by Sal Giarratani
SPECIAL TO EASTBOSTON.COM
Shortly before New Year’s Day, I read a piece by Boston Herald reporter Gayle Cawley and just wanted to comment that everything Ed Flynn said during the interview about his dad was 100 percent correct.
I have been friends with Ray Flynn going back to the late 70s when I was 24 years old and he was only 33 years old. I knew him when he was a young Southie state rep, when he was elected in 1975 when he won a seat on the old 9-member at large City Council. I was with him when he ran for mayor in 1983 and 1987 too.
When it came to race relations in this city, there was no better or more responsible leader who always tried to bring people together than Ray Flynn. Even during the turmoil of forced busing, Ray was a voice of calm and reason. Both sides of the busing would often get angry with him for not fully supporting their cause and viewpoint. I watched upfront and people always try to do and say the right thing.
I never saw him as a right-leaning demagogue of which this city had plenty. He truly was very much a populist. He always sought to do what was right, not what was easy.
Chuck Stuart’s case surely brought out the worst in us, most of us including elected officials and newspaper publishers too. Too many of us fell hook, line and sinker for the Stuart fable. People believed it because it sounded so real and possible. It turned out to be not one of Boston’s finest moments when it came to police work and when it came to the politics of fear which too many of our electeds fell into a false narrative and fear-based rabbit hole.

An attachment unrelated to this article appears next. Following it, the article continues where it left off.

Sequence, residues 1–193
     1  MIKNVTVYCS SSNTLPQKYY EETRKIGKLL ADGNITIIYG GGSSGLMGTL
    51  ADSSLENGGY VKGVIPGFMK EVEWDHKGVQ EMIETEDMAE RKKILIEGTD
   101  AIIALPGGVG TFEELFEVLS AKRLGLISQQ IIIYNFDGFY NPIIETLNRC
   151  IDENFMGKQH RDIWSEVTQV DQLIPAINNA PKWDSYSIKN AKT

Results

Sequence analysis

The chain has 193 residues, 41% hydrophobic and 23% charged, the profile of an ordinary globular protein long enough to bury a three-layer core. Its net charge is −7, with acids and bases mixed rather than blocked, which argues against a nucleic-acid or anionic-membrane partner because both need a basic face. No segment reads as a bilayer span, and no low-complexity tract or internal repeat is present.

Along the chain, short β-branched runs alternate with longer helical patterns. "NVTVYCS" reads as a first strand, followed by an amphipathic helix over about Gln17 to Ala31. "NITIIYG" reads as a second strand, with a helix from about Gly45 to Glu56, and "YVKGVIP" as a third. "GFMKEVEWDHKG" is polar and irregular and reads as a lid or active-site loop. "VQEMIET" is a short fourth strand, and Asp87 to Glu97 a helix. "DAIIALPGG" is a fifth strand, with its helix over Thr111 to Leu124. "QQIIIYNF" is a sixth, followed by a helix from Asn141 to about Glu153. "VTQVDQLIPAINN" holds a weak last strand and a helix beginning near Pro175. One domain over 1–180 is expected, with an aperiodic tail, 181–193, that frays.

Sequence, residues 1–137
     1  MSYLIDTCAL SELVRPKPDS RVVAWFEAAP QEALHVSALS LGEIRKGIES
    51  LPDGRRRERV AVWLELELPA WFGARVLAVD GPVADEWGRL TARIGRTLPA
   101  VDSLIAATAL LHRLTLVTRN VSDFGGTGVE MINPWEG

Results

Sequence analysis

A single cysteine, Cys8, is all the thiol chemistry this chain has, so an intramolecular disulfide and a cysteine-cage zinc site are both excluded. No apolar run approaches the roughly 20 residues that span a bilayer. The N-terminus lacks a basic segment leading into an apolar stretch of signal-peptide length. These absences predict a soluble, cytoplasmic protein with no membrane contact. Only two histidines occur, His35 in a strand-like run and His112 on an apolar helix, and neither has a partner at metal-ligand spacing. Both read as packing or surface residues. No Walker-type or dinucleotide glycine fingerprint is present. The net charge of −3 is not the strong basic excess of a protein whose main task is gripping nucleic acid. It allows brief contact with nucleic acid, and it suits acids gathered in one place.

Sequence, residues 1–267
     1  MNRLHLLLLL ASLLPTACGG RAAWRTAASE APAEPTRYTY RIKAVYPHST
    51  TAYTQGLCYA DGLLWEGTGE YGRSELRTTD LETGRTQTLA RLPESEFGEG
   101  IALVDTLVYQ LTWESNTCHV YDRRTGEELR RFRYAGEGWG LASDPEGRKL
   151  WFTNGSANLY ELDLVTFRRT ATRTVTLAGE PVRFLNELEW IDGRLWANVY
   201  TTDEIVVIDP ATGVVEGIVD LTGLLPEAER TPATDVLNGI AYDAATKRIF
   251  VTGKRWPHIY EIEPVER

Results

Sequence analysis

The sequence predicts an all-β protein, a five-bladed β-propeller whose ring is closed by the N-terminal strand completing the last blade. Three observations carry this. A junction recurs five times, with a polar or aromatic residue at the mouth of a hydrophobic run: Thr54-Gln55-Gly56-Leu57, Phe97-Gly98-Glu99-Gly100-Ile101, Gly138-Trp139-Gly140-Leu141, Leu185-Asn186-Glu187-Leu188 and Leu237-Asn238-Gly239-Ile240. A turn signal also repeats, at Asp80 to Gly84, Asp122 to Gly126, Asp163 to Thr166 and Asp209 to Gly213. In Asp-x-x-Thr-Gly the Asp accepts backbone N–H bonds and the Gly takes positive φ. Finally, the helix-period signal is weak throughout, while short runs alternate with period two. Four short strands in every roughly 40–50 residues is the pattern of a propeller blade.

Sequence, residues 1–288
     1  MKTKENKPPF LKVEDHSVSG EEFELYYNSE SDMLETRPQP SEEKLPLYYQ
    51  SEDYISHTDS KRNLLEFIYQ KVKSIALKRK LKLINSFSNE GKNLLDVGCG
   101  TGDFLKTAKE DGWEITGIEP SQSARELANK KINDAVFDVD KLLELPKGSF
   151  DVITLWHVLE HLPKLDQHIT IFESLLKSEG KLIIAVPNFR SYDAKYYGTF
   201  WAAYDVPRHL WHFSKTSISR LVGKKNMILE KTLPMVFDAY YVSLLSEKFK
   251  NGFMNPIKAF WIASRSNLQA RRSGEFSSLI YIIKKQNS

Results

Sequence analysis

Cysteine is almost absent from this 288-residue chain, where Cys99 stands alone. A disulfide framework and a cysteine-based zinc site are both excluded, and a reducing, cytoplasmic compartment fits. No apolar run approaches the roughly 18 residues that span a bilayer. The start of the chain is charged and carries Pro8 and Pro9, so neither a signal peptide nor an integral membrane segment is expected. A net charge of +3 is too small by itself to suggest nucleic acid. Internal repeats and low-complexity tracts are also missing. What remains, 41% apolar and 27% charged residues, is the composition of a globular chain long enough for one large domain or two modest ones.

No politician is perfect. We are human, we make errors of judgement and action. Looking back I am sure Ray Flynn was not that happy with his actions or that of most of Boston’s elected leaders. However, what gets lost is that after the case ended, Mayor Flynn went to Mission Hill projects and apologized for his actions and the city’s actions. I am sure he regrets to this day how innocent people got caught up in a web of deceit that took on a life of its own.. But he did apologize for his actions. He surely recognized the hurt he caused unintentionally.
Boston has never had a mayor who truly understood the city neighborhoods and the city’s residents as well as Mayor Flynn. His son, Eddie Flynn is also right — race relations will most likely never really be solved but it is something you work at everyday. He learned that by example following his father doing his job from the time when he was a young boy.
It is easy to apologize 34 years after the fact but much harder when you show up at a project door not knowing the response one might get.
Sal Giarratani is a columnist for the Post-Gazette and a guest columnist at EastBoston.com.